John Kerry gave a speech yesterday, claiming that the UN’s report on the chemical attack on August 21 proves the Assad regime was responsible for the attack.
Kerry claims the UN report “returned with several crucial details that confirmed that the Assad regime is guilty of carrying out that attack, even though that was not the mandate of the UN report”.
The UN report does not, in fact, ascribe blame for the attack but does conclude there was one and describes that nature of the munitions and gas involved. So Kerry’s language in not actually acknowledging that is perhaps a bit deceptive, although one might argue that the munitions likely suggest regime involvement.
However, Kerry, in classic overstatement, overplays once again, in trying to sell his point, he ends up showing himself either ignorant or a fabricator:
We, the United States, have associated one of the munitions identified in the UN report, the 122-millimeter improvised rocket, with previous Assad regime attacks. There’s no indication – none – that the opposition is in possession or has launched a CW variant of these rockets such as the kind that was used in the 21st of August attack.
Equally significant, the environmental, chemical, and medical samples that the UN investigators collected provide clear and compelling evidence that the surface-to-surface rockets used in this attack contained the nerve agent sarin. We know the Assad regime possesses sarin and there’s not a shred of evidence, however, that the opposition does.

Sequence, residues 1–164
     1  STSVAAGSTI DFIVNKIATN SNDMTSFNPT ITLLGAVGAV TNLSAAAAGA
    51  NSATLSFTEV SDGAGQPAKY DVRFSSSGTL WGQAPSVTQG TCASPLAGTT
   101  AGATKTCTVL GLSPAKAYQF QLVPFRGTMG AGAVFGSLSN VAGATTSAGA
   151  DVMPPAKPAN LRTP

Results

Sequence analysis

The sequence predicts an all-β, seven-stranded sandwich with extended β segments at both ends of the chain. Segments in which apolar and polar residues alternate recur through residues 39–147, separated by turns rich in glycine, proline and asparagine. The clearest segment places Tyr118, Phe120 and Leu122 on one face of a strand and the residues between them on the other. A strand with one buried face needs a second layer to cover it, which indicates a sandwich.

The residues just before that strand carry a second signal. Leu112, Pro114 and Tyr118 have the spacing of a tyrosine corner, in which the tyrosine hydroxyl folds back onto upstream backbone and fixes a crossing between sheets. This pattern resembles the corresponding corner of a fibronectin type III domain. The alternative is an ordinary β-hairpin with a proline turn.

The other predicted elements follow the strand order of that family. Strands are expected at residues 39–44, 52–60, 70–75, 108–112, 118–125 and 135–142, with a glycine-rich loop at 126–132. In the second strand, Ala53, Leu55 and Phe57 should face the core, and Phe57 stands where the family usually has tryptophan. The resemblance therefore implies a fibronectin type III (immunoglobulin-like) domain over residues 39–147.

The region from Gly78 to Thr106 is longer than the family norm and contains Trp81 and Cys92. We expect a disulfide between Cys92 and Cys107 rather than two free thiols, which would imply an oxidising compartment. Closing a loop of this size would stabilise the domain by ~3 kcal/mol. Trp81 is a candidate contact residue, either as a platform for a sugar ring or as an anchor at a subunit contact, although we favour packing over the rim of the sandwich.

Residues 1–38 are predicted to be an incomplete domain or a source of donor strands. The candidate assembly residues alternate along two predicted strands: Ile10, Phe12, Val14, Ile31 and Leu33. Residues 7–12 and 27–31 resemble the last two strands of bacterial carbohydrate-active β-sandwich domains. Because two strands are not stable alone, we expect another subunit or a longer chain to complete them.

And rocket components identified in the ground photos taken at the alleged chemical weapons impact location areas are associated with the unique type of rocket launcher that we know the Assad regime has. We have observed these exact type of rocket launchers at the Assad regime facilities in Damascus and in the area around the 21st of August.
So there you have it. Sarin was used. Sarin killed. The world can decide whether it was used by the regime, which has used chemical weapons before, the regime which had the rockets and the weapons, or whether the opposition secretly went unnoticed into territory they don’t control to fire rockets they don’t have containing sarin that they don’t possess to kill their own people. And then without even being noticed, they just disassembled it all and packed up and got out of the center of Damascus, controlled by Assad.
Of course there is in fact evidence that the opposition has sarin. As we noted in a prior report, Syrian al-Nusra Front rebels were actually arrested in Turkey with vials of sarin. Moreover, the UN’s Commission on Inquiry member Carla Del Ponte, in fact, found “strong evidence” to suggest the rebels had actually used sarin.
There has been a specific claim that the rebels were responsible for the August 21 attack, that witnesses attributed it to the rebels.
If we went with what seems to be the administration’s “Youtube video evidence” argument, there are also multiple youtube videos of rebels purportedly using launchers to shoot off what are supposed to be chemical weapons.
There also have been reports of rebels overrunning an Assad regime position and taking chemical weapons, as well as reports of prior uses by both the regime and the rebels.
It is difficult to assess the accuracy of these varied reports and videos, but they are evidence that needs to be investigated to determine or dismiss their validity.
Beyond those reports, there is no question about the Turks finding rebels with sarin, and there is certainly reason to take seriously Carla Del Ponte’s remarks,which do state there is evidence, although not conclusive.
One cannot honestly conclude that there is “not a shred of evidence” that the rebels have access to sarin.